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From John Vines <>
Subject Re: Thoughts on useless/malformed javadoc comments
Date Thu, 31 Jan 2013 01:10:19 GMT
One of the things I notice while doing a large amount of refactoring was
the pain of having to be careful about updating javadoc comments. Is it
possible to enforce comments corresponding to actual method calls? It's not
perfect but our would help.

Sent from my phone, please pardon the typos and brevity.
On Jan 30, 2013 7:56 PM, "Christopher" <> wrote:

> (For the record, when I say "useless", I mean javadoc comments that consist
> solely of the auto-generated skeleton, derived from the method signature,
> with little or nothing added)
> In our code template, we add javadoc tags to new methods, classes, etc. I
> think this is a good idea... except that this also tends to generate a lot
> of "malformed javadoc" warnings if you check for those in your environment
> (I do, because I dislike javadocs that break and/or become useless).
> I'm wondering if it's better to remove this from the code template, so
> javadocs that get automatically generated, but then immediately
> and subsequently ignored (worse when the javadoc references a param from a
> previous version of the method that no longer exists or was renamed), don't
> keep appearing throughout the code.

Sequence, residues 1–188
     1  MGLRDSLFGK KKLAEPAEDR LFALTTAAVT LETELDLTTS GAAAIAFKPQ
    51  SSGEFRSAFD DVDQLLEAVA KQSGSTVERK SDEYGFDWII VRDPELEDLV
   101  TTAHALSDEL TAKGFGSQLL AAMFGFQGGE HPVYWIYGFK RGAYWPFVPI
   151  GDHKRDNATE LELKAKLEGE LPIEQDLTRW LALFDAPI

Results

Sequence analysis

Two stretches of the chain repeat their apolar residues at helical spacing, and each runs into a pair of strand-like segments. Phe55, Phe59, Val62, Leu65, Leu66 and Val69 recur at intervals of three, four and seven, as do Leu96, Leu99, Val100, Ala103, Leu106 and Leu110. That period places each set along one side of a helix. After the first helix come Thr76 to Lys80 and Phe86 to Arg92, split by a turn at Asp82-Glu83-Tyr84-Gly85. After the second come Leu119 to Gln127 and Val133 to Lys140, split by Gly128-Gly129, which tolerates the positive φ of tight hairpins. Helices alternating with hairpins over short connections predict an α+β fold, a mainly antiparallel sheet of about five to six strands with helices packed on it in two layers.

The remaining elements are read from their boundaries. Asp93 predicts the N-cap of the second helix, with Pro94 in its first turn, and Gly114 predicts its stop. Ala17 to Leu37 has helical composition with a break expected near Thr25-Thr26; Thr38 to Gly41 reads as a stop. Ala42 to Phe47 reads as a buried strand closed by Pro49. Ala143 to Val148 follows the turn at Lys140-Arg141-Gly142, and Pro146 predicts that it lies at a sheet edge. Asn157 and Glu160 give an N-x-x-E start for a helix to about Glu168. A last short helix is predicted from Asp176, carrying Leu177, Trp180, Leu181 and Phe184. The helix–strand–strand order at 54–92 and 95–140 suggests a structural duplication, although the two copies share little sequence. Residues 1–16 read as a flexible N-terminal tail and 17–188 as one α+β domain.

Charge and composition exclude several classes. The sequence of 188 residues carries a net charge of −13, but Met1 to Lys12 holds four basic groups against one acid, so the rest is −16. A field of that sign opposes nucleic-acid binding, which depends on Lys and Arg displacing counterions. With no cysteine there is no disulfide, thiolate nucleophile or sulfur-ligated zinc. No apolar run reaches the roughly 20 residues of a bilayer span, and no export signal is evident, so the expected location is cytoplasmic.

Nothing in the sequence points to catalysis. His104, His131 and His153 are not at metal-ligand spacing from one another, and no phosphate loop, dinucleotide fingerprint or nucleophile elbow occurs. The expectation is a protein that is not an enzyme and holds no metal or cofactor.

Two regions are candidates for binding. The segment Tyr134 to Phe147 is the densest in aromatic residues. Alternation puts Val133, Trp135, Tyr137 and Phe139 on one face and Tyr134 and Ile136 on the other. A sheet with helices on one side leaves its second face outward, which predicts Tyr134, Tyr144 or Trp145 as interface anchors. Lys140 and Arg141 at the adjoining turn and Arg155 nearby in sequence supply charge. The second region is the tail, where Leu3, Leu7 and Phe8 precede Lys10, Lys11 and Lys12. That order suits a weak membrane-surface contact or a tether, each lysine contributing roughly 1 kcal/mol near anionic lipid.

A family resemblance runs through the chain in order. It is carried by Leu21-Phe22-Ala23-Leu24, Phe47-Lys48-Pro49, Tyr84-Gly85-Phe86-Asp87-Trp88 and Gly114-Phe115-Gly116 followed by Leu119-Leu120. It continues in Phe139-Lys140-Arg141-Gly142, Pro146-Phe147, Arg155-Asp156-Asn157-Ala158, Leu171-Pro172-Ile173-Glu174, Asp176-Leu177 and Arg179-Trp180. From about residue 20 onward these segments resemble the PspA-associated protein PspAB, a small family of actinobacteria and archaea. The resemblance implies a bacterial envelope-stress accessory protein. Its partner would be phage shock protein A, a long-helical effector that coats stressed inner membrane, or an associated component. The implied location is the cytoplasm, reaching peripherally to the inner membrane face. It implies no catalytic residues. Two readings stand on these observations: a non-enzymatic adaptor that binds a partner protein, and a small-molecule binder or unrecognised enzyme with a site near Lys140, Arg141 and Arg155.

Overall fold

> The risks associated with removing these from the code template is that
> javadocs won't be added to the public API, unless we prioritize the act of
> consciously and thoughtfully adding them.
> The risks of not removing it is that we have a bunch of useless and/or
> malformed javadocs, or even just out-of-date javadocs that no longer
> reflect the method signature or functionality, that stick around just
> because it's part of the code template, but not because we consciously
> wanted one, and  remain that way because it isn't a priority to fix them.
> Perhaps this is just a personal pet peeve that I should get over, but I
> feel like this isn't the best option.
> Of course, we could internally discourage the use of javadoc comments that
> don't serve a function or are malformed, and encourage deliberately keeping
> them up-to-date in the public API.
> Anybody have any thoughts on this?
> --
> Christopher L Tubbs II

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